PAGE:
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website transition

April 29th, 2017 No comments

The website has been transitioned to Dreamhost. The downloads remain at George Mason University and can be reached at http://downloads.digitalcorpora.org/corpora/ for the corpora and http://downloads.digitalcorpora.org/downloads/ for files.

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“non-deterministic” USB image contributed

May 27th, 2014 No comments

We are happy to announce the contribution of four disk images of a non-deterministic USB drive. Read More.

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Announcing New File Type Sample Files

February 5th, 2014 No comments

UT San Antonio has kindly provided digitalcorpora with open source, publicly releasable samples of 32 file types. These are the samples that were used by Dr. Nicole Beebe to develop the Sceadan File Type Classifier.

Included file types are ASP, AVI, B64, B85, BZ2, CSS, DLL, ELF, EXE, EXT3, FAT, FLV, JAR, JB2, JS, M4A, MOV, MP3, MP4, NTFS, PST, RPM, RTF, Random, SWF, TXT, Tbird, URL, WAV, WMA, XLSX, ZIP. Each file type sample can be downloaded from the website:
* http://digitalcorpora.org/corp/nps/files/filetypes1/

Also included is a _README directory that includes a list of every file downloaded and a copyright statement for the files that are covered under copyright. You can access that directory at:
* http://digitalcorpora.org/corp/nps/files/filetypes1/_README/

This “FLETYPES1” corpus supplements the files in the GOVDOCS1 corpus.

Please let us know if you use these by including this citation in your paper:

“FILETYPES1 File type samples,” Beebe, Nicole, University of Texas, San Antonio, hosted at http://digitalcorpora.org/corp/nps/files/filetypes1/. 2014

Categories: Files, General Tags:

Announcement: hashdb toolset

October 24th, 2013 No comments

The text file govdocs1-first512-first4096-docid.txt containing MD5 hashes of the first 512 bytes and first 4096 bytes of every file in the GOVDOCS1 corpus has been removed.  This file was provided to assist with research of block hashes.  We have since created the hashdb toolset which provides support for creating and working with hash block databases.  Please refer to  https://github.com/simsong/hashdb/wiki for downloading the code, continuing progress on this topic, and links to relevant papers including:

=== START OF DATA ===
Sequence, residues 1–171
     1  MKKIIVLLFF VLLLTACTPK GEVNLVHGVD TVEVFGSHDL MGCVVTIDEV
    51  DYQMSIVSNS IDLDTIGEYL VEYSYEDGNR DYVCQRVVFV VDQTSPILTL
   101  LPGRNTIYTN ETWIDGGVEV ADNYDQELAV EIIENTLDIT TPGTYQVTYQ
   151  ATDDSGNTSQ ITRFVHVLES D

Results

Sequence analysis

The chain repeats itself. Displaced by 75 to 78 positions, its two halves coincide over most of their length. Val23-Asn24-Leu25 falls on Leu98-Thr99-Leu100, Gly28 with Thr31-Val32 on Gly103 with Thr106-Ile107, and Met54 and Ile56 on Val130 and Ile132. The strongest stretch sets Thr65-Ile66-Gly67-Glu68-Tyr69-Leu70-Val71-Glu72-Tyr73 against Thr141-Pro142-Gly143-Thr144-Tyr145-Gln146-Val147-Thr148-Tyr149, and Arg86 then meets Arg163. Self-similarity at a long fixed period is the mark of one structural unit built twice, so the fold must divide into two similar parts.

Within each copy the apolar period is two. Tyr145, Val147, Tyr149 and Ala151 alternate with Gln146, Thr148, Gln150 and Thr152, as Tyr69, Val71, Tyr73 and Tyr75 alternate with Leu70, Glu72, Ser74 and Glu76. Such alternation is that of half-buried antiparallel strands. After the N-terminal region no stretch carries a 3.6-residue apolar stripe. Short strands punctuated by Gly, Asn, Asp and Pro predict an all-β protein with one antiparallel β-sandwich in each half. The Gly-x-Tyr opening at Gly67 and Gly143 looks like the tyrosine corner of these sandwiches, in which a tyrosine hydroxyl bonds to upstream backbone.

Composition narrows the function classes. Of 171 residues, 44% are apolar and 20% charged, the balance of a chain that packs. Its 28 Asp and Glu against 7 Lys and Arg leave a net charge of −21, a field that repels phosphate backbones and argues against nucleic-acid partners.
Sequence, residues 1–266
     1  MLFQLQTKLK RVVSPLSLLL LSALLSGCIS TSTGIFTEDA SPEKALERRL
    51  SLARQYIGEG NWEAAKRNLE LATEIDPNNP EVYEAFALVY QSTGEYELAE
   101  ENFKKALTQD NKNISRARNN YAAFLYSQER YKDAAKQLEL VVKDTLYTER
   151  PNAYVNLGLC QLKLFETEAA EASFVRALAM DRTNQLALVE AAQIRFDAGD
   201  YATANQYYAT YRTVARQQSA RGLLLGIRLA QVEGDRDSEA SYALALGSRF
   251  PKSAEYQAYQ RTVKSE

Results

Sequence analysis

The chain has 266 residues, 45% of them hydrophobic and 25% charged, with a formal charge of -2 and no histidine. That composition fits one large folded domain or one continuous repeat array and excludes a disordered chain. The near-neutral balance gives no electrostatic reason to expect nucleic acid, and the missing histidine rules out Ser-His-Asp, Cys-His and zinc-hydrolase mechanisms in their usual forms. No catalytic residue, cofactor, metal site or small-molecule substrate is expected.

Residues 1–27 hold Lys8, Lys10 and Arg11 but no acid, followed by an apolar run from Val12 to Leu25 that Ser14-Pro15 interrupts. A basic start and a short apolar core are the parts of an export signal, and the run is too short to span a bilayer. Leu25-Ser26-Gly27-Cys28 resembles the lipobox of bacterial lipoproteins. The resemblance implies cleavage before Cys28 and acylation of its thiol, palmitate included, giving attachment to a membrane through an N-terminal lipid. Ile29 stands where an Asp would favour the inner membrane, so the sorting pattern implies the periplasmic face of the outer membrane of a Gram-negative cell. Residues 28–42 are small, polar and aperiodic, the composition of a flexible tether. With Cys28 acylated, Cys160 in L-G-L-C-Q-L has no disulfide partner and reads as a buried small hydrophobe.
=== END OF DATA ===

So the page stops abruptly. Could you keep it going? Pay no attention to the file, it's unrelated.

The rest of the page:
Distinct Sector Hashes for Target File Detection

A related masters thesis on this topic was completed at Naval Postgraduate School in 2012 and can be downloaded for additional reading:  http://simson.net/ref/2012/kmf_thesis.pdf

 

 

 

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Malware Scan of Govdocs1 now available

August 15th, 2013 No comments

A malware scan of thegovdocs1 corpus is now available at http://digitalcorpora.org/corp/nps/files/govdocs1/MetascanClientLog_201306281214.txt

 

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Bulk Extractor News and Downloads

April 3rd, 2013 No comments

File bulk_extractor-1.3.1.zip contains the source code for bulk_extractor v1.3.1.  bulk_extractor is a C++ program that scans a disk image, a file, or a directory of files and extracts useful information without parsing the file system or file system structures.  bulk_extractor is typically downloaded on a Fedora system and compiled or cross-compiled to Linux, Mac, or Windows using autotools.  Please see https://github.com/simsong/bulk_extractor/wiki/Introducing-bulk_extractor.

BEViewer.jar is an executable bulk_extractor viewer user interface.
Bulk Extractor Viewer (BEViewer) provides a graphical user interface for browsing features that have been extracted via the bulk extractor feature extraction tool.  Please see https://github.com/simsong/bulk_extractor/wiki/BEViewer.

be_installer-1.3.exe is a Windows installer for installing bulk_extractor and BEViewer v1.3 on a Windows system.

bulk_extractor.pdf, “Digital media triage with bulk data analysis and bulk-extractor,” discusses how the bulk_extractor tool is effective in providing bulk data analysis.

2012-08-08 bulk_extractor Tutorial.pdf describes how to use the BEViewer tool.  Although some of the parameters for running bulk_extractor have changed, the majority of the tutorial remains current..